Politics & Government

Supreme Court's corporate campaign spending ruling draws praise, criticism

FILE - In this Jan. 25, 2006 file photo, Sen. John McCain, R-Ariz., left, chats with Sen. Russ Feingold, D-Wis. on Capitol Hill in Washington. The Supreme Court on Thursday, Jan. 21, 2010 threw out a 63-year-old law designed to restrain the influence of big business and unions on elections, ruling that corporations may spend as freely as they like to support or oppose candidates for president and Congress. The justices also struck down part of the landmark McCain-Feingold campaign finance bill that barred union- and corporate-paid issue ads in the closing days of election campaigns. (AP Photo/Lauren Victoria Burke, File)
FILE - In this Jan. 25, 2006 file photo, Sen. John McCain, R-Ariz., left, chats with Sen. Russ Feingold, D-Wis. on Capitol Hill in Washington. The Supreme Court on Thursday, Jan. 21, 2010 threw out a 63-year-old law designed to restrain the influence of big business and unions on elections, ruling that corporations may spend as freely as they like to support or oppose candidates for president and Congress. The justices also struck down part of the landmark McCain-Feingold campaign finance bill that barred union- and corporate-paid issue ads in the closing days of election campaigns. (AP Photo/Lauren Victoria Burke, File) Associated Press

The U.S. Supreme Court decision Thursday allowing unlimited political campaign spending by corporations and labor unions is expected to affect state and local races and could mean immense amounts of money pouring into this year's race for governor, said key Alaska Republicans and Democrats, who had very different takes on whether the decision is good or bad.

The state Department of Law and the Alaska Public Offices Commission were still reviewing what it meant legally for Alaska.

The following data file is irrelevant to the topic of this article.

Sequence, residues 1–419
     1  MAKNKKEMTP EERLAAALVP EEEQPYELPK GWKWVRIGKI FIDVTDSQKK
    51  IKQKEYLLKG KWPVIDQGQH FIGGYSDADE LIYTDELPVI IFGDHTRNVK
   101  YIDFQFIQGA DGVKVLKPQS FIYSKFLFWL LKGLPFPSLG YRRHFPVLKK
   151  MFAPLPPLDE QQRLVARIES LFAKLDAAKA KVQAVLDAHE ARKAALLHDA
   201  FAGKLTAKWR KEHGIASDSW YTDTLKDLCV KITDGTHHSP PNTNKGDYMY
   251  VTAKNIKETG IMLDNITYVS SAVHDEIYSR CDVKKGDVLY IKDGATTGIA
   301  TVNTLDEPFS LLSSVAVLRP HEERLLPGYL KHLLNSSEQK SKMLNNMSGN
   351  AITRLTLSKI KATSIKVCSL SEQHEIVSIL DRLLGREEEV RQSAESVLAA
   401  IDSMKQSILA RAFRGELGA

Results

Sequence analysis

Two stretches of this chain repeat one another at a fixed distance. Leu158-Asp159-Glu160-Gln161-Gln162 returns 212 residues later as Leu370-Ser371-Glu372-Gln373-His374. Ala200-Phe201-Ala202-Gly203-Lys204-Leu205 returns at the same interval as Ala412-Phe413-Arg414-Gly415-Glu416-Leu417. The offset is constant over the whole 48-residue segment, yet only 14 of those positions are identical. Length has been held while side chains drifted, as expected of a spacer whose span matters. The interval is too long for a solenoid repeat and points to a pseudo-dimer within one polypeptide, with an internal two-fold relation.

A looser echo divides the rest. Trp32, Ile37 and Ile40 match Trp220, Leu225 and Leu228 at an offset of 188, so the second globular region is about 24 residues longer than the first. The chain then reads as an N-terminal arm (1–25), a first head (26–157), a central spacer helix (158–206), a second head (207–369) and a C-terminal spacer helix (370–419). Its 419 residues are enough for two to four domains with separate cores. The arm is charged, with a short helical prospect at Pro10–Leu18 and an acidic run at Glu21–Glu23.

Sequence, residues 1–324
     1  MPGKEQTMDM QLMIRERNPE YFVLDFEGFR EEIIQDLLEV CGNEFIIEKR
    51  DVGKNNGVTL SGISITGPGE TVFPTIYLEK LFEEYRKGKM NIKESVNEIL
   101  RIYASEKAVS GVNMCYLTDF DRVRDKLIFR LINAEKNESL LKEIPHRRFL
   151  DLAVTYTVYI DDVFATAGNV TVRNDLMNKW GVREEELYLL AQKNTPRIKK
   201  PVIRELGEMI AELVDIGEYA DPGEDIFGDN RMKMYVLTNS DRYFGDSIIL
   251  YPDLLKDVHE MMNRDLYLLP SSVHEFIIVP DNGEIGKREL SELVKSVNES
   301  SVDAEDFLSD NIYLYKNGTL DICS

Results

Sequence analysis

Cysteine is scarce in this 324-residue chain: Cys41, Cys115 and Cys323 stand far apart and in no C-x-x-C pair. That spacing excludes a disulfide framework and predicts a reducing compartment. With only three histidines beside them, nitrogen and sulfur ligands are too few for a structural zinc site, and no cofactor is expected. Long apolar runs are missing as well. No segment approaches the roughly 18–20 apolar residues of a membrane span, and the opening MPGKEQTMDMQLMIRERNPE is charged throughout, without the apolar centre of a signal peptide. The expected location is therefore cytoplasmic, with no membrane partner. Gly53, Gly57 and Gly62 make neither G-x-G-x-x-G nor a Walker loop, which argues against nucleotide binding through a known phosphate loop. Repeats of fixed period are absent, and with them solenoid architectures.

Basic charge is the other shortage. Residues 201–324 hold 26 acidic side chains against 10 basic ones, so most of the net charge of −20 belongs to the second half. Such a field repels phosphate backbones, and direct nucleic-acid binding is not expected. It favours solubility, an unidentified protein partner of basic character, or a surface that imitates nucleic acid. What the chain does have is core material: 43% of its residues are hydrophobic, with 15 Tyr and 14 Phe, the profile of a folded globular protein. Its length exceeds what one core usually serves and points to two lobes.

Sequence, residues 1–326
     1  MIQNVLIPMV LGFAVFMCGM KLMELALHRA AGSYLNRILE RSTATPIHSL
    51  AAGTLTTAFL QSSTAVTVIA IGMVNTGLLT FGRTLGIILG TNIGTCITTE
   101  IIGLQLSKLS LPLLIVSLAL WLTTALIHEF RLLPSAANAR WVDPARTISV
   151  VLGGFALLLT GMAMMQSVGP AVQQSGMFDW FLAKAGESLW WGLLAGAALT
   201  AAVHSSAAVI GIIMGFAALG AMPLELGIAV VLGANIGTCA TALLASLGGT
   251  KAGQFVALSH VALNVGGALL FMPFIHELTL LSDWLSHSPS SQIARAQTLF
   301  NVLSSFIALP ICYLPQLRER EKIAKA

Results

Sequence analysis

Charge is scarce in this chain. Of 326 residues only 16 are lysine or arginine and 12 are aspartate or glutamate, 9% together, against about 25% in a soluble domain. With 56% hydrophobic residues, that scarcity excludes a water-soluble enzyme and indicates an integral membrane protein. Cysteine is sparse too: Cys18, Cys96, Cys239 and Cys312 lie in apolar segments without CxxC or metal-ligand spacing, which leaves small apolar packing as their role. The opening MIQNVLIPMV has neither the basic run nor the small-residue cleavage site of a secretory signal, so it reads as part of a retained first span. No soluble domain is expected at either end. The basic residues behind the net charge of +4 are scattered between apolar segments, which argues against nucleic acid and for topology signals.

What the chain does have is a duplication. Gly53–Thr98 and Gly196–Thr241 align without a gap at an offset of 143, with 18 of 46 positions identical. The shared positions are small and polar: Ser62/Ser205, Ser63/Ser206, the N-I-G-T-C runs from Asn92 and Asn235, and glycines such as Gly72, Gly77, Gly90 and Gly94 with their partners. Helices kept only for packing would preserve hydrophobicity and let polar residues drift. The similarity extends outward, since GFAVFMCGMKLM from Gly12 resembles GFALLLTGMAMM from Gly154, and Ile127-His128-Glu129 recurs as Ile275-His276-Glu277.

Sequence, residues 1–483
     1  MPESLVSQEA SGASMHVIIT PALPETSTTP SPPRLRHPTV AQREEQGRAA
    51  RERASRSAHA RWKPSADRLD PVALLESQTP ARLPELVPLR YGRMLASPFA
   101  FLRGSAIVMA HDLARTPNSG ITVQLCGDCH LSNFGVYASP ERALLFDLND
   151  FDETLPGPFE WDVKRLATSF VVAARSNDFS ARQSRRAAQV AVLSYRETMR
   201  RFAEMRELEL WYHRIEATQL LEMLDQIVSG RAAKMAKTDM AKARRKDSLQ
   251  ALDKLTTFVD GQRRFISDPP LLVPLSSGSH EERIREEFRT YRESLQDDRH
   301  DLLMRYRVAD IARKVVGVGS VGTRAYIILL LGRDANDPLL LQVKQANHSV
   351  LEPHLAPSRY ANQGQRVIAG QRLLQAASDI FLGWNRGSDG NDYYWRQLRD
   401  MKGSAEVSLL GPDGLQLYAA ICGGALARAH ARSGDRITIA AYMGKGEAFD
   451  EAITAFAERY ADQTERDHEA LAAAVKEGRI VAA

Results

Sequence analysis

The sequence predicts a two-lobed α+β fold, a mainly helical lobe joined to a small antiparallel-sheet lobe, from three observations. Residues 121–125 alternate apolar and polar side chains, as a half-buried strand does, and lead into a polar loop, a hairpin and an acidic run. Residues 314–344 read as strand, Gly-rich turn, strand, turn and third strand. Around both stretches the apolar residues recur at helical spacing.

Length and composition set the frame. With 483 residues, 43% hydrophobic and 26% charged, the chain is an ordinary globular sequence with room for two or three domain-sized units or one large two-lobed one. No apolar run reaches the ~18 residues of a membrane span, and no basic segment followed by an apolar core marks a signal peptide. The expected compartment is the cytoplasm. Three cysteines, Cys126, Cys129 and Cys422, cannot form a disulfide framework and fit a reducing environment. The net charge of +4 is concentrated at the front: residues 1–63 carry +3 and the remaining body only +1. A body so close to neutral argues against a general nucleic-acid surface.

Under the ruling, corporations and unions can't give directly to or coordinate with candidates. But they will be able to spend unlimited amounts on advertisements for -- or against -- those on the ballot. The justices split 5-4 with the majority ruling that the government should not bar political speech.

"First and foremost, the decision restores some aspects of the First Amendment. That is wonderful," said Randy Ruedrich, chairman of the Alaska Republican Party. And it should rid the system of the troublesome 527 groups that raised money outside the regulated system, he said. But corporations still can't give to political parties -- a federal challenge on that is still in court, he said.

Ken Jacobus, an Anchorage lawyer who used to represent the Republican Party, said the ruling was a "huge victory for the First Amendment." He said it would apply "across the board."

"There are going to be a lot more opportunities to make money and bring money to Alaska, to finance the media," Jacobus said. "It all helps the economy."

On the other side, Democrats said that unlimited spending by big business in political races may taint the process, prevent individuals from being heard, and drown out the candidates' own message.

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